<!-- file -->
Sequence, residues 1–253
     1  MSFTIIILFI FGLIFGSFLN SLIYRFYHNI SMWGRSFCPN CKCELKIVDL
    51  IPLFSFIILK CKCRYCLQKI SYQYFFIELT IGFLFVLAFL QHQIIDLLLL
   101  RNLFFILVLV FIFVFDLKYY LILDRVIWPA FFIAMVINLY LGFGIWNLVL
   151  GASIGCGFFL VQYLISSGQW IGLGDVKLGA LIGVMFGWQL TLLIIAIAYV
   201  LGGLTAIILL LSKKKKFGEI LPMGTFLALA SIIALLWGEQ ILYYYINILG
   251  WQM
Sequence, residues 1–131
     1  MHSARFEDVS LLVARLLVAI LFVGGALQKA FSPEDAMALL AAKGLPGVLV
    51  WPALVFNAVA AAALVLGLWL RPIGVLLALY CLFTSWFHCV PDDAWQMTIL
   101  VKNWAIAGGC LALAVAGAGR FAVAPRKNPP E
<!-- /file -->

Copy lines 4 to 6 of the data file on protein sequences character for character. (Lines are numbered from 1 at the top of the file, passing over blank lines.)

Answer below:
   101  RNLFFILVLV FIFVFDLKYY LILDRVIWPA FFIAMVINLY LGFGIWNLVL
   151  GASIGCGFFL VQYLISSGQW IGLGDVKLGA LIGVMFGWQL TLLIIAIAYV
   201  LGGLTAIILL LSKKKKFGEI LPMGTFLALA SIIALLWGEQ ILYYYINILG